The classic game of Mastermind is great to play by yourself,  or against an opponent.  It is also great to play as a group.  Incorporating the game of Mastermind into your class or meetings can be rather beneficial.

I use Mastermind in my classes often as a fun way to introduce logical thinking and problem solving but also collaboration.

Mastermind can be used in many different situations:

  • Fun game to fill in time at the end of term or semester
  • Quick game at the beginning of class to wake them up
  • Good way to introduce logical thinking/ problem solving/ collaboration
  • Quick competition,  divide the class into teams that will compete
  • etc

The typical approach is to bring up a game of Mastermind on the screen and run the participants through a few different games.  You’ll probably find that some people have played the game before but most have not so you’ll need to run through the rules quickly with them (you can find a nice description on the website).

You run the session,  controlling the board (or get a participant to take over that role).  Ask for people to suggest which pegs to place.  Once they are all in place,  get them to discuss that attempt before hitting ‘Accept’.  Get them to discuss if the colours they have picked may need changing or it the pegs need to be shuffled around.  You may need to prompt the participants slightly but they will soon get the hang of using the information given in the previous attempts to craft their current attempt.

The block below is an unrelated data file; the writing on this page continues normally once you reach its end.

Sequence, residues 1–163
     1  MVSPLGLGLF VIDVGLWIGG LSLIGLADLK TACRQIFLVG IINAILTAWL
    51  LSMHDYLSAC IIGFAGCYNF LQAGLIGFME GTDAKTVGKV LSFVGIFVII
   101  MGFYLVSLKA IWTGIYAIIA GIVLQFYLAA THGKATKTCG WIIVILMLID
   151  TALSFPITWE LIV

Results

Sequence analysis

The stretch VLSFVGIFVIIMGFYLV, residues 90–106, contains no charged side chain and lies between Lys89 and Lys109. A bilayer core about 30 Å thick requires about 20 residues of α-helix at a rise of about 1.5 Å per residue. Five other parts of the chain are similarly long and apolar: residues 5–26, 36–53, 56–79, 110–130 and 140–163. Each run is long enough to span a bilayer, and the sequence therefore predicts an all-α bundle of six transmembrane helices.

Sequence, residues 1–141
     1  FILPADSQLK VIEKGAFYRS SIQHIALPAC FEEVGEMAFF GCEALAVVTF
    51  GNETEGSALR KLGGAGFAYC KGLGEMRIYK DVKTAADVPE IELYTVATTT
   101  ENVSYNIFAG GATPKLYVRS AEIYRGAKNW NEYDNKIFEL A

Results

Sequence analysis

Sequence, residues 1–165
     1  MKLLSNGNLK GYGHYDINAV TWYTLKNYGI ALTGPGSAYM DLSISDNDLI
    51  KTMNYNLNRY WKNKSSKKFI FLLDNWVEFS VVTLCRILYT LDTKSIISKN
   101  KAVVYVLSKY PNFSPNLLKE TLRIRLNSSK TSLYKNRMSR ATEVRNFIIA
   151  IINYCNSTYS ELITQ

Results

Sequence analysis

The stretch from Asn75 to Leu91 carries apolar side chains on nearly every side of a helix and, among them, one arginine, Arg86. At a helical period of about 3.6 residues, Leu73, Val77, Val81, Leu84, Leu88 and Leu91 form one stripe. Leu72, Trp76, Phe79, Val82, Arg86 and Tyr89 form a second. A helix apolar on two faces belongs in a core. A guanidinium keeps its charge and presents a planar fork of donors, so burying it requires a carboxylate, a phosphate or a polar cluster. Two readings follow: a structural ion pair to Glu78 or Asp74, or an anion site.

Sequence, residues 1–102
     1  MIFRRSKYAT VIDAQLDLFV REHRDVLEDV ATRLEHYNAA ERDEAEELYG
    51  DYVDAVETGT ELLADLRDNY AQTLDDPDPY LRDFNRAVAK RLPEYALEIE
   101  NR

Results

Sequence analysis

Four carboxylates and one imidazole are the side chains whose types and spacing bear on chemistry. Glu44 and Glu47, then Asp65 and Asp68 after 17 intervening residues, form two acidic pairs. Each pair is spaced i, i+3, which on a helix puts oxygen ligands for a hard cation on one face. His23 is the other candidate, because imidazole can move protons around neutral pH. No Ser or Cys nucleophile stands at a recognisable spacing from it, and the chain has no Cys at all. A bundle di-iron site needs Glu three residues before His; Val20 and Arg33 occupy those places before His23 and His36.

You can tie Mastermind into many topics.  For instance you can discuss the approaches they used for problem solving or you can talk about how the contributions of the whole class led to their cracking the code.  You can talk about how at first they had no information but with each successive attempt they got more information that led them to the answer. And so on.

There are several Mastermind implementations out there on the web but the one I prefer is this one:

It has several advantages such as:

  • A clean and bright interface which works well on smartboards and projectors with dimming bulbs
  • A strategy guide to help you get the hang of it
  • An optional timer if you want to make sure the activity is kept short
  • A handy reminder on what the black and white pegs represent
  • The option to set your own codes if you want the class to play as teams
  • An easy ability to reorganise the pegs for an attempt once they have been placed

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